Emmis Communications Corp. CEO Jeff Smulyan again is attempting to acquire the regional magazine publisher and radio broadcaster, and to take it private.
This time Smulyan, through his JS Acquisition firm, has entered into a letter of intent to purchase the Indianapolis-based company’s roughly 37.6 million outstanding shares of Class A common stock for $2.40 per share—about 10 cents higher than the stock closed last Friday. The letter of intent also proposes to exchange all outstanding shares of preferred stock for newly-issued 12 percent senior subordinated notes due 2017.
If the deal is approved, JS Acquisition would effectively own all of a new class of non-voting common stock, representing “substantially all of the outstanding equity value of Emmis,” a statement announcing the proposal says. Meanwhile, Smulyan would hold substantially all of a new class of voting common stock for Emmis, with Smulyan and his affiliates owning all of the company’s outstanding common stock.
Equity partner Alden Global Capital, which currently holds more than 40 percent of Emmis’ preferred stock, agreed to purchase $80 million principal amount of PIK (Pay in Kind) preferred stock of JS Acquisition, the statement says.
In 2006, Smulyan proposed to acquire the outstanding publicly held shares of Emmis for $15.25 per share in cash. He withdrew that offer after an agreement with the board of directors could not be reached.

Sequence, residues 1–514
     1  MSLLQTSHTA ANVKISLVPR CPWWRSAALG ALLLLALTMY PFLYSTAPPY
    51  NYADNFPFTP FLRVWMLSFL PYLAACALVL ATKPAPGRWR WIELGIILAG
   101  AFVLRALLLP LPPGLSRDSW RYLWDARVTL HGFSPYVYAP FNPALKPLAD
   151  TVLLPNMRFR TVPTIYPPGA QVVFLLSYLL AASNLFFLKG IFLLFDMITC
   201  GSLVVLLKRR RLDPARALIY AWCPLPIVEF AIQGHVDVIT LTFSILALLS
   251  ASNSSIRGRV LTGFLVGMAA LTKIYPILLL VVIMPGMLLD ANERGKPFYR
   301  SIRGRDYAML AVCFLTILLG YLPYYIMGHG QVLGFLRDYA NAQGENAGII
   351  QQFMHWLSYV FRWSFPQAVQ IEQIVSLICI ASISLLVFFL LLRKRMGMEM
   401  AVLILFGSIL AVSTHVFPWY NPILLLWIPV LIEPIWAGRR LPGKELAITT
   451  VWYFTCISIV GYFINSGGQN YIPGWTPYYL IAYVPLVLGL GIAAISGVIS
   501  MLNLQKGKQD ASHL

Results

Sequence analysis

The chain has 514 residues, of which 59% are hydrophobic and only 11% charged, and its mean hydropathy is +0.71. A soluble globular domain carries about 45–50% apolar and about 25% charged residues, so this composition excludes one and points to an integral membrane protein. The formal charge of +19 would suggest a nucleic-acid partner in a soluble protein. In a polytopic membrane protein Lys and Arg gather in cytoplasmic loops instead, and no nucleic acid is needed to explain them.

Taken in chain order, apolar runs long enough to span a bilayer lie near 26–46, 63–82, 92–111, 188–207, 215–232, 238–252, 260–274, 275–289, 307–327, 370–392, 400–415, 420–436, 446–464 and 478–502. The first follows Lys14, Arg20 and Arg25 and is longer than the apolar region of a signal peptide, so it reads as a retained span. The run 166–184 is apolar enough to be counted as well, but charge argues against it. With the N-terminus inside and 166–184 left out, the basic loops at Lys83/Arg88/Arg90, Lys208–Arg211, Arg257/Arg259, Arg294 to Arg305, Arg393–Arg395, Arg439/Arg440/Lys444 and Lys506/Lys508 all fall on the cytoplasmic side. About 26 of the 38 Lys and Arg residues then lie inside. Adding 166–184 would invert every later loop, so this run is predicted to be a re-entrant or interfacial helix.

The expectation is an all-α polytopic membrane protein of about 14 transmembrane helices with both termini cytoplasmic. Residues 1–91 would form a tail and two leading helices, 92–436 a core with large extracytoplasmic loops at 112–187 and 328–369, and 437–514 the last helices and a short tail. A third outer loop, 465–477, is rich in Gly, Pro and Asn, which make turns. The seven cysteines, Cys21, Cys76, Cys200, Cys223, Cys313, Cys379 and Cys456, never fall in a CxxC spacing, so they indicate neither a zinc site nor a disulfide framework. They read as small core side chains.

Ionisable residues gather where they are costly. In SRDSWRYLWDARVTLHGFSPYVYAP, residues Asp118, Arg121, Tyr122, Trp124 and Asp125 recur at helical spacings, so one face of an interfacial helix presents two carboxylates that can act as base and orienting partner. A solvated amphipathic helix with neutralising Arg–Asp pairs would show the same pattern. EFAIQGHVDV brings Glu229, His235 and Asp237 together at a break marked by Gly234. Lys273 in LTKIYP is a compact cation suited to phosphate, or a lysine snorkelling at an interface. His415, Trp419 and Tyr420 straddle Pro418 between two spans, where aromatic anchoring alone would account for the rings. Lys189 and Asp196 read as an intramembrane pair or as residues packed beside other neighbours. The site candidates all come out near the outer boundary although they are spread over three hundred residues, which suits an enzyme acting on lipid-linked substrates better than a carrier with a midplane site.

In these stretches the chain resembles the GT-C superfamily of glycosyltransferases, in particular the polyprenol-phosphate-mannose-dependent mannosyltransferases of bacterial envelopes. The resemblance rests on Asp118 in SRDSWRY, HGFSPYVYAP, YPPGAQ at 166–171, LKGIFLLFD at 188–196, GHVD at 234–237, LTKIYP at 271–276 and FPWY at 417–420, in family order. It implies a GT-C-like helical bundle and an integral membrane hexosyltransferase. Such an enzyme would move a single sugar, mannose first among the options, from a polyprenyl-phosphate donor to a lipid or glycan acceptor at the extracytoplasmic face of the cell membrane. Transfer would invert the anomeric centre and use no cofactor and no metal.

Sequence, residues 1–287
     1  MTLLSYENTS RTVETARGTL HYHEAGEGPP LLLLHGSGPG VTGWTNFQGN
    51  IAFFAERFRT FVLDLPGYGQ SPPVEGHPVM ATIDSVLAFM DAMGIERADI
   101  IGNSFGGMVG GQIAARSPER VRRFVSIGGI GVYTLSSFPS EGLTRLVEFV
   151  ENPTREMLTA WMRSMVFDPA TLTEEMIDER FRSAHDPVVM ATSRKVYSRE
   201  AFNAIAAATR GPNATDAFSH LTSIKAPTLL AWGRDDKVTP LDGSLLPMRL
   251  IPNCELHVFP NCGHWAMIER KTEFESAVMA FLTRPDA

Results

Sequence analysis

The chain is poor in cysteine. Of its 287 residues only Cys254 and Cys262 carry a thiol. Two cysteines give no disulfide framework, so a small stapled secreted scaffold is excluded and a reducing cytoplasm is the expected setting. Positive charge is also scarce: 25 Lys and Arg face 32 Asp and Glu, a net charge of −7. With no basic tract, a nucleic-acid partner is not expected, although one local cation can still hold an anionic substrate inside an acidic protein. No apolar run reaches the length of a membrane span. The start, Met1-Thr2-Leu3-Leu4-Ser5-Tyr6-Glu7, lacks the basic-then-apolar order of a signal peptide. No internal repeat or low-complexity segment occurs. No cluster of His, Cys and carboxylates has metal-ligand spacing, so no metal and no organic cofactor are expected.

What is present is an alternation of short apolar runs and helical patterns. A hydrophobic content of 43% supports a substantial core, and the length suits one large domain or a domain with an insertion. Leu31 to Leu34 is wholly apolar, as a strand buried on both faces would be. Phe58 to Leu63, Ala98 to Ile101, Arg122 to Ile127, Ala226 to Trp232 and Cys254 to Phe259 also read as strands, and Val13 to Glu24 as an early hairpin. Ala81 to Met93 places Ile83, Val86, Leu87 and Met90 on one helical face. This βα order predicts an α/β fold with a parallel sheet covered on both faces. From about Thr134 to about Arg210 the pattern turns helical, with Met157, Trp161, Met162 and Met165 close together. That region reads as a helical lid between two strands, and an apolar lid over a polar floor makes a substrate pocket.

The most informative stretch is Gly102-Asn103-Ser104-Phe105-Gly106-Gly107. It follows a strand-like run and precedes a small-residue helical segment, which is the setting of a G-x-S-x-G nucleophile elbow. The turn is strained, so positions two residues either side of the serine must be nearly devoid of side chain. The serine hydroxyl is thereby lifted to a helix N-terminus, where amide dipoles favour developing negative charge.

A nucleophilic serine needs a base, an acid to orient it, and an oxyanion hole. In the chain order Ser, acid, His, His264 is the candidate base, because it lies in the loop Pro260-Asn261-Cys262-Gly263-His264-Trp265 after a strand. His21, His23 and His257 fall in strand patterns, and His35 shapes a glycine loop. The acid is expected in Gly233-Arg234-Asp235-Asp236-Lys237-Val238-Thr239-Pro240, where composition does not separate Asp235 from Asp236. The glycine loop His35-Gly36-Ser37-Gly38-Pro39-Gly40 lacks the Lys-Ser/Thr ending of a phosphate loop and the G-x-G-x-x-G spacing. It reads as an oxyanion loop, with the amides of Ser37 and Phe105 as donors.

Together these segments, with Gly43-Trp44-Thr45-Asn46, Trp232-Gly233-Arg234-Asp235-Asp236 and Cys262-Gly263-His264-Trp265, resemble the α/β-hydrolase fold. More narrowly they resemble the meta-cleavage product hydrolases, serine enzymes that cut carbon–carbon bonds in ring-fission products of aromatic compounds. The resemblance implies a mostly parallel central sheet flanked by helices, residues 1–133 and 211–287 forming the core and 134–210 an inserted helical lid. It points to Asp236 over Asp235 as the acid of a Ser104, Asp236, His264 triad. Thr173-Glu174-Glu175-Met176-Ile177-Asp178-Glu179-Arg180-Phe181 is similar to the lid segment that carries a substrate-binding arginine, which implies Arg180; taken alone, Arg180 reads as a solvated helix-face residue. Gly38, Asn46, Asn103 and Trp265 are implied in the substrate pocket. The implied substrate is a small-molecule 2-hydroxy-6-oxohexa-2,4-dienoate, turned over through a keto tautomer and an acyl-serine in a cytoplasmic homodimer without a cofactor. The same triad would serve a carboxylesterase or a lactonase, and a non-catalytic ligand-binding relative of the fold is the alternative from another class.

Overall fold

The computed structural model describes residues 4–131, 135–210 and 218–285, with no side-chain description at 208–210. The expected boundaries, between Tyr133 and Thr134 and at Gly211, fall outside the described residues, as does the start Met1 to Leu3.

According to Regional Media Advisors president Kim Mac Leod, the proposal appears to be a good idea. "Owners generally have more opportunity to be innovative in a private company structure, and since it’s a buyers’ market now, this is a very strategic time to make that kind of offer," she says. "That said, the board will determine if that offer is fair market level—given that it’s much lower than an earlier offer made in 2006, and requires some significant concessions. But if it goes directly to the shareholders, then given the voting structure currently in place it’s likely to pass. No doubt Jeff Smulyan has wanted to move the company in a direction that he has not been able to do, and if this transaction occurs, I wouldn’t be surprised to see that he makes some changes to the Emmis portfolio.”
Smulyan’s current proposal is being investigated by Wilmington, Delaware-based law firm Rigrodsky & Long. The purpose of the investigation, the firm says, is to determine if Emmis’ board of directors “failed to adequately shop the company and obtain the best price possible for Emmis’ shareholders” before entering into the letter of intent with Smulyan. A representative from Rigrodsky & Long did not immediately return an e-mail seeking comment.
“These are common in these types of transactions—not at all unexpected,” an Emmis spokesperson tells FOLIO:.
The proposal still requires stockholder approval and to meet certain regulatory requirements. Emmis’ board of directors also needs to waive certain provisions of the Indiana Business Corporations Law, the statement says.
In addition to owning several radio stations, Emmis publishes seven magazines, including Texas Monthly, Los Angeles and Atlanta.